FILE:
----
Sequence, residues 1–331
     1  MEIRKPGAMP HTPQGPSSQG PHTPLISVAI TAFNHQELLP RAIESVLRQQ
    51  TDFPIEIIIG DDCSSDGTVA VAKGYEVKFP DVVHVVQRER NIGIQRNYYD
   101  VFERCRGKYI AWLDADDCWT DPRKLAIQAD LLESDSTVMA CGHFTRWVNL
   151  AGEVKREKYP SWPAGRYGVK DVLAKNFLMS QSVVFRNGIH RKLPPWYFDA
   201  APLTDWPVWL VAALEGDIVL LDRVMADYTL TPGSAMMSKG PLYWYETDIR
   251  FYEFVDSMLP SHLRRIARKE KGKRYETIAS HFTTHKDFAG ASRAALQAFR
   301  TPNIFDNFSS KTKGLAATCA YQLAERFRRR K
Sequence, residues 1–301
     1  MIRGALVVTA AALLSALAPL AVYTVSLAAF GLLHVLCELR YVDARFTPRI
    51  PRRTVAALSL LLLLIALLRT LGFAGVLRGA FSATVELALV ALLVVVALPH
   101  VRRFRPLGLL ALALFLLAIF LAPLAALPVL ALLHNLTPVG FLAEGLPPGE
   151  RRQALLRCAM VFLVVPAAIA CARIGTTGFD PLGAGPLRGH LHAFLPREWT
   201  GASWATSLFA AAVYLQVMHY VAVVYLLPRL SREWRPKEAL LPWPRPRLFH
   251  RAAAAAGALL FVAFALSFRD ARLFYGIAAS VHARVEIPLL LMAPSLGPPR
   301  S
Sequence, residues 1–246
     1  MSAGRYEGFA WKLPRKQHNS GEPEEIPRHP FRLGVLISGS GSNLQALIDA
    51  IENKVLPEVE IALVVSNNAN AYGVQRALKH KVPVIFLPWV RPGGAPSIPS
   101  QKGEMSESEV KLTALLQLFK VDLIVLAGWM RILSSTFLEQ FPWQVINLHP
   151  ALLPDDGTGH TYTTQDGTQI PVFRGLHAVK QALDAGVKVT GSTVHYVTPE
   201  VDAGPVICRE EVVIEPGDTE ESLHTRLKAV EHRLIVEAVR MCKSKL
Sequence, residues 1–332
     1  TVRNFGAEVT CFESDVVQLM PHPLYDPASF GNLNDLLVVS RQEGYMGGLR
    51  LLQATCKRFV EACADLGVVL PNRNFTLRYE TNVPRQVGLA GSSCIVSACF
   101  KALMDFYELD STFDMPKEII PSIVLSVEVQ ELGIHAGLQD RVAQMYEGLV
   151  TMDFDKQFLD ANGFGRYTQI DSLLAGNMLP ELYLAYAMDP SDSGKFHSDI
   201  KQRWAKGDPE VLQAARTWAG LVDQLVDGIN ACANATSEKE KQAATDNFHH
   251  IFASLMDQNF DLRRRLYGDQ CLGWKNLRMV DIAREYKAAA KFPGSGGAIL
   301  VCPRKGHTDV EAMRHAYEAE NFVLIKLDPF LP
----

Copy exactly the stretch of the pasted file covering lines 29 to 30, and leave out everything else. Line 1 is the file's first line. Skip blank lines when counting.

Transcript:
   251  IFASLMDQNF DLRRRLYGDQ CLGWKNLRMV DIAREYKAAA KFPGSGGAIL
   301  VCPRKGHTDV EAMRHAYEAE NFVLIKLDPF LP